Airbnb sues San Francisco over new rules for short-term rentals


Airbnb sued San Francisco on Monday over a new regulation requiring short-term rental companies to list on their websites only legal housing listings.

The lawsuit, filed in U.S. District Court, argues that the legislations runs afoul of federal law – the 1996 Communications Decency Act – protecting internet freedom by placing “content-based restrictions on speech by imposing civil and criminal penalties on Airbnb as a result of the publication of content.”

The law, introduced by Supervisor David Campos with the support of Supervisor Aaron Peskin, was approved unanimously by the Board of Supervisors on June 14. Mayor Ed Lee did not sign the legislation. Illegal short-term rentals are widely blamed for exacerbating the housing crisis.

The law, which takes effect next month, requires short-term rental websites to post registration numbers on listings or email the number and name of the host to The City’s Office of Short-Term Rentals. Fines are up to $1,000 per day.

“It’s disappointing but not surprising,” said Supervisor David Campos. “We’re confident in the end we will prevail.”

The lawsuit also claims the law would impair business operations. “Given the substantial criminal and civil penalties for non-compliance, and the burdensome verification process, hosting platforms like Airbnb likely would over-remove or not publish lawful and registered listings,” the lawsuit states.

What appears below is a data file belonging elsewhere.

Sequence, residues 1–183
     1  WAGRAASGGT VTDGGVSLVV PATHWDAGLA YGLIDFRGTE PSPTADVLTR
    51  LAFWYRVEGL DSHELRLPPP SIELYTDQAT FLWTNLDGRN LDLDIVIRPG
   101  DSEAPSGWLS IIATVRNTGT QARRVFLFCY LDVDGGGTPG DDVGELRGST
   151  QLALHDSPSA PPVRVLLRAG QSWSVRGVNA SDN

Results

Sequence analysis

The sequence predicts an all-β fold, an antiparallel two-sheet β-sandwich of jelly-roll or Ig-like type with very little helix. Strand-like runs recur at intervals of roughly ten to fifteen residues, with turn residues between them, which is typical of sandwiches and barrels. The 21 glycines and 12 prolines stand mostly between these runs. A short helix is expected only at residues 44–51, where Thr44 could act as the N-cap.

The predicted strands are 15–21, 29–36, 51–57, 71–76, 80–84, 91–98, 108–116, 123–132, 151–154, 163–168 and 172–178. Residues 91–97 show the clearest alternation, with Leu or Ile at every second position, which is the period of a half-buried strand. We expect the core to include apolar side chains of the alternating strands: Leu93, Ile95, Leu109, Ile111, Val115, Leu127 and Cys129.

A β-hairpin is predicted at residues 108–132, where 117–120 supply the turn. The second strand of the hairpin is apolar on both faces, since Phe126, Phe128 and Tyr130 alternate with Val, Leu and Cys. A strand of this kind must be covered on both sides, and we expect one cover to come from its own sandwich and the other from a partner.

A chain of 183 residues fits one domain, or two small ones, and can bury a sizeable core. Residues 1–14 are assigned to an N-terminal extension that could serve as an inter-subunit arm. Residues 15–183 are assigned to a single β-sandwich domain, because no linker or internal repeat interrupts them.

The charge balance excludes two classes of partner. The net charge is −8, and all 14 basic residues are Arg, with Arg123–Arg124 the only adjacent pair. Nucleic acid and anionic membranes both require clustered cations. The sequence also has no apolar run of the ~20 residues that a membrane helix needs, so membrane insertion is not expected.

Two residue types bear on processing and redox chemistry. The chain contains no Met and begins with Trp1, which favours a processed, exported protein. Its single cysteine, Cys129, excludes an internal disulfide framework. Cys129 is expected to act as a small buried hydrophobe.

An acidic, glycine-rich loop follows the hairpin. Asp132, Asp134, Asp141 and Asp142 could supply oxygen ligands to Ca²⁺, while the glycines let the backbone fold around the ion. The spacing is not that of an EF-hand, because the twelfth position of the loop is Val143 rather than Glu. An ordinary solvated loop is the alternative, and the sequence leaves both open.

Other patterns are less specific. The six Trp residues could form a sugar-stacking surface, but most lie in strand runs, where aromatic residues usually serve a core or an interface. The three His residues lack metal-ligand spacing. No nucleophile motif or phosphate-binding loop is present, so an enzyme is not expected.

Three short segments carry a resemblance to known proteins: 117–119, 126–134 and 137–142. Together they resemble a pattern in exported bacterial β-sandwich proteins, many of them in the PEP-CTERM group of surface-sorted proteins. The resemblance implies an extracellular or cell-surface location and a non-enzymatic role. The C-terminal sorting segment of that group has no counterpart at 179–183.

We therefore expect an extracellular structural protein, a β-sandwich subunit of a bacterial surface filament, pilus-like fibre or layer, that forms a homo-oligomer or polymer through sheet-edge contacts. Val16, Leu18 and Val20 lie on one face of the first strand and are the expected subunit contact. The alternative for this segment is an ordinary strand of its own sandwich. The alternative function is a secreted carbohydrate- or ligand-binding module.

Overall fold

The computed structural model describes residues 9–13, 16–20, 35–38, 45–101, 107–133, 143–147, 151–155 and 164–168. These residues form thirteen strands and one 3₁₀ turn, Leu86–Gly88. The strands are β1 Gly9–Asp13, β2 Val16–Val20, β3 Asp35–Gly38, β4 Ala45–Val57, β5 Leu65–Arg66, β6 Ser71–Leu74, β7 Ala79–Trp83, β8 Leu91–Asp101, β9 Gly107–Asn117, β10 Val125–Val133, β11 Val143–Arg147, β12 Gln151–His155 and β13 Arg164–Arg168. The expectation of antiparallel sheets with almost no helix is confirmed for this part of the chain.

Airbnb announced the lawsuit on its company blog Monday. “While we have attempted to work with The City on sensible, lawful alternatives to this flawed new ordinance, we regret that we are forced to now ask a federal court to intervene in this matter.”

Campos, however, said the company’s willingness to cooperate is “just talk.”

“Airbnb doesn’t really want to work with The City,” Campos said. “It’s view of the world is ‘our way or the highway.’”

A hearing is scheduled for Aug. 1 for federal judge to render a decision on whether to issue an injunction of the law while the lawsuit proceeds.

City Attorney Office’s spokesperson Matt Dorsey said The City law is “not regulating user content at all – it’s regulating the business activity of the hosting platform itself.”

Dorsey likened the law to online businesses selling alcohol or cigarettes having to verify the legal age of their customers.
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